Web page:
A 4cusped Hypocycloid which is sometimes also called a Tetracuspid, Cubocycloid, or Paracycle.
The parametric equations of the astroid can be obtained by plugging in or into the equations for a
general Hypocycloid, giving
(1)  
(2) 
(3) 
(4) 
The Arc Length, Curvature, and Tangential Angle are
(5)  
(6)  
(7) 
(8) 
(9) 
(10) 
(11) 
(12) 
(13) 
(14) 
The astroid can also be formed as the Envelope produced when a Line Segment is moved with each end on one of a
pair of Perpendicular axes (e.g., it is the curve enveloped by a ladder sliding against a wall or a garage door with the
top corner moving along a vertical track; left figure above). The astroid is therefore a Glissette. To see this, note
that for a ladder of length , the points of contact with the wall and floor are and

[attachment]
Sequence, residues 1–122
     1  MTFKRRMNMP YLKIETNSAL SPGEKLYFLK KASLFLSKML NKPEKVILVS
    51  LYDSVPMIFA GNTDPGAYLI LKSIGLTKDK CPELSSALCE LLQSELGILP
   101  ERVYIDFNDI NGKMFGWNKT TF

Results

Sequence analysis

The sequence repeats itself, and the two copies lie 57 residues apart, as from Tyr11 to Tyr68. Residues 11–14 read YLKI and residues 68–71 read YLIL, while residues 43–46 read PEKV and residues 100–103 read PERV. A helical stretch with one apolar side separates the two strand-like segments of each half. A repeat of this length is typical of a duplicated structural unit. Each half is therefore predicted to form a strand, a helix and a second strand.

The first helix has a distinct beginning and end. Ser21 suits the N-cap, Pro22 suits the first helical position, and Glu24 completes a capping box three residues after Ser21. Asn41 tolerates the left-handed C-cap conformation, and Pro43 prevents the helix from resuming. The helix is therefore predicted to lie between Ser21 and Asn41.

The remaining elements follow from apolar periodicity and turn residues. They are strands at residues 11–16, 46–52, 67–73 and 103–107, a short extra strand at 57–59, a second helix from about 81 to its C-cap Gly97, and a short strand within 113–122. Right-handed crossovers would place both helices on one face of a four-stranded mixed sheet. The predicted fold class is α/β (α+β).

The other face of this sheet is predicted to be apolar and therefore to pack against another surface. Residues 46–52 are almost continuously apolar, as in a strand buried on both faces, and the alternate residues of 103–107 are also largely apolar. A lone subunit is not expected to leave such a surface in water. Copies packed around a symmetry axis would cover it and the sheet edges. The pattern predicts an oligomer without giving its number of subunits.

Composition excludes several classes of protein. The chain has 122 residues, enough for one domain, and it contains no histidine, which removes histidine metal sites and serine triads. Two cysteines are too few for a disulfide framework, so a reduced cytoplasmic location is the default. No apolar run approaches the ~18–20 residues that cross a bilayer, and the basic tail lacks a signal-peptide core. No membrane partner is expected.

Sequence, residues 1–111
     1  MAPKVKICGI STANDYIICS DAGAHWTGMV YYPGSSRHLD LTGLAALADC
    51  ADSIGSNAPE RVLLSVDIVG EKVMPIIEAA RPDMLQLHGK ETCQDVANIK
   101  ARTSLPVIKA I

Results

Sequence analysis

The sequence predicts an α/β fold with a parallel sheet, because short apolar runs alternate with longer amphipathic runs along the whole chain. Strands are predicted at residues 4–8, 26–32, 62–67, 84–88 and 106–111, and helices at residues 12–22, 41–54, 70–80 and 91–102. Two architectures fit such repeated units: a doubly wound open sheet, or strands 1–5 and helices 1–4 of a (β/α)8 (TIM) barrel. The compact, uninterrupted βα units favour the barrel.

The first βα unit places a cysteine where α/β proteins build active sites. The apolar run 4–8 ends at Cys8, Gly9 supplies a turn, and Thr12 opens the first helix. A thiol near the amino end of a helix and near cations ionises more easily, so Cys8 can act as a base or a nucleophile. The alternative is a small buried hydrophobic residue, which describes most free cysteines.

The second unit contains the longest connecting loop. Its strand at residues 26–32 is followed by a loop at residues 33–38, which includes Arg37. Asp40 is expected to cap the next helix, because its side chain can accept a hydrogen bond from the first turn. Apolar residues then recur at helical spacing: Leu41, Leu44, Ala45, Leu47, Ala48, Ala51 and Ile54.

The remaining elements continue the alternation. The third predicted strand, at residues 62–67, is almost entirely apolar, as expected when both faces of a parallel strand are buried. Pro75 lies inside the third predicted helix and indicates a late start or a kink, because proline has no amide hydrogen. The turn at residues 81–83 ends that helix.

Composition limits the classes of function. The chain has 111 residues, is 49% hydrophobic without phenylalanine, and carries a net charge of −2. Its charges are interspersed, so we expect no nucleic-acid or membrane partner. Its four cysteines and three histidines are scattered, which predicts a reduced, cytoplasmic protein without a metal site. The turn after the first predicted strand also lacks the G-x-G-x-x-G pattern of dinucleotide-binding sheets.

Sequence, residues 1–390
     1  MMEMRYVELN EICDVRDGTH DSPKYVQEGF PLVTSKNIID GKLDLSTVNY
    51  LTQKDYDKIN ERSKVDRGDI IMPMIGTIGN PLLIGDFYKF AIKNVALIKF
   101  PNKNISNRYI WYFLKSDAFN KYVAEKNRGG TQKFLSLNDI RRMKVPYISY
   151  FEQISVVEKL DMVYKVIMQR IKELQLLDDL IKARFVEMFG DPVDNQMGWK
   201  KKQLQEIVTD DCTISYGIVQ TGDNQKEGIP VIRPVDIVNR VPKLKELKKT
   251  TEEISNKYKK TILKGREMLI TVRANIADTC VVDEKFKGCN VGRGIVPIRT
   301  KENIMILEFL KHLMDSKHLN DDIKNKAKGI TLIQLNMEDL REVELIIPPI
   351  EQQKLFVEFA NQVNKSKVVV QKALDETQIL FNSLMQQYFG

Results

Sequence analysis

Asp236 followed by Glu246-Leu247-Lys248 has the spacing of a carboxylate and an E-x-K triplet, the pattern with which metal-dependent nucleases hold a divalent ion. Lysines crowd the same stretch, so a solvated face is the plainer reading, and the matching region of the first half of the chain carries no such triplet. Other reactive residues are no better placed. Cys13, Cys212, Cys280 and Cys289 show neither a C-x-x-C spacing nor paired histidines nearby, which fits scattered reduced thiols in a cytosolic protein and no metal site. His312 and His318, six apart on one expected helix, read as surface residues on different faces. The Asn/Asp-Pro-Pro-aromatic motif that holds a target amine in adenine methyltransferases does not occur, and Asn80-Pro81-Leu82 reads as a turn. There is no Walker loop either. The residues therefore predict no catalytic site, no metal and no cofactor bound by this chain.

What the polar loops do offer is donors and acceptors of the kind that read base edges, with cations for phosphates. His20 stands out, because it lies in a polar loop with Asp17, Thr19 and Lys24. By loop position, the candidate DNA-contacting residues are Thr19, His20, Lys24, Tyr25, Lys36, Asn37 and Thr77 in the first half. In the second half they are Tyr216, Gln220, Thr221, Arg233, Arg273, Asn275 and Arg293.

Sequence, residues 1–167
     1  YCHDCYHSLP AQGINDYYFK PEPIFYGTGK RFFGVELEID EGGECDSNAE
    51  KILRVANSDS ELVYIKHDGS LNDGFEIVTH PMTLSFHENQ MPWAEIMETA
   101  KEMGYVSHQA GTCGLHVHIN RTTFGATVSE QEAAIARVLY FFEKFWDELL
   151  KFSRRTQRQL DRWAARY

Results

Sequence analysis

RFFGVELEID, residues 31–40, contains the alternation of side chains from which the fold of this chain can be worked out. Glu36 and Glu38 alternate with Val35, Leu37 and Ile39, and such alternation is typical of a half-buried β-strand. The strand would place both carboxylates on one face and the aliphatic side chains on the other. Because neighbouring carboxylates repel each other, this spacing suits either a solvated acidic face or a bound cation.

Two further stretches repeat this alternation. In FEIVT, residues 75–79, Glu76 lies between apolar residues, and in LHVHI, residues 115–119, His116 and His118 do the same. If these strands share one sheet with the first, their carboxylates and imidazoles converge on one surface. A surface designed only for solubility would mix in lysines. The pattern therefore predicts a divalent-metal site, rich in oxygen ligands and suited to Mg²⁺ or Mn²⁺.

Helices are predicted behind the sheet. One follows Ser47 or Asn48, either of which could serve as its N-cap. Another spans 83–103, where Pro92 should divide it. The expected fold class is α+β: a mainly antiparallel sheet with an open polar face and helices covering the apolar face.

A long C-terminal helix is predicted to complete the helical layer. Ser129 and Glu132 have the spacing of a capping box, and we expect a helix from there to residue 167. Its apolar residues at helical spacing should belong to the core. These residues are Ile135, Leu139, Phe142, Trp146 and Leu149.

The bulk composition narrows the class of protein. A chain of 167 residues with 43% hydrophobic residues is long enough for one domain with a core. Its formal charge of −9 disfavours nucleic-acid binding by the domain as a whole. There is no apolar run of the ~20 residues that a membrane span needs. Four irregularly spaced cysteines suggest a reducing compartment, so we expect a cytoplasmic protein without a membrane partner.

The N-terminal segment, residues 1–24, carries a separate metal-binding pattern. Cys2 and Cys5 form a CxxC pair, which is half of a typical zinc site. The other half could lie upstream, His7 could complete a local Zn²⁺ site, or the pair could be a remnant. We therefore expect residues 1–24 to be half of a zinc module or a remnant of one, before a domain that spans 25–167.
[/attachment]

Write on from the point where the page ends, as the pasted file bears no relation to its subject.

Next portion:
,
respectively. The equation of the Line made by the ladder with its foot at is therefore
(15) 
(16) 
(17) 
(18)  
(19) 
(20)  
(21) 
(22) 
The related problem obtained by having the ``garage door'' of length with an ``extension'' of length
move up and down a slotted track also gives a surprising answer. In this case, the position of the ``extended''
end for the foot of the door at horizontal position and Angle is given by
(23)  
(24) 
(25) 
(26)  
(27) 
(28) 
(29) 
The astroid is also the Envelope of the family of Ellipses
(30) 
See also Deltoid, Ellipse Envelope, Lamé Curve, Nephroid, Ranunculoid
References
Lawrence, J. D. A Catalog of Special Plane Curves. New York: Dover, pp. 172175, 1972.
Lee, X. ``Astroid.'' http://www.best.com/~xah/SpecialPlaneCurves_dir/Astroid_dir/astroid.html.
Lockwood, E. H. ``The Astroid.'' Ch. 6 in A Book of Curves. Cambridge, England: Cambridge University Press, pp. 5261, 1967.
MacTutor History of Mathematics Archive. ``Astroid.'' http://wwwgroups.dcs.stand.ac.uk/~history/Curves/Astroid.html.
Yates, R. C. ``Astroid.'' A Handbook on Curves and Their Properties. Ann Arbor, MI: J. W. Edwards, pp. 13, 1952.
© 19969 Eric W. Weisstein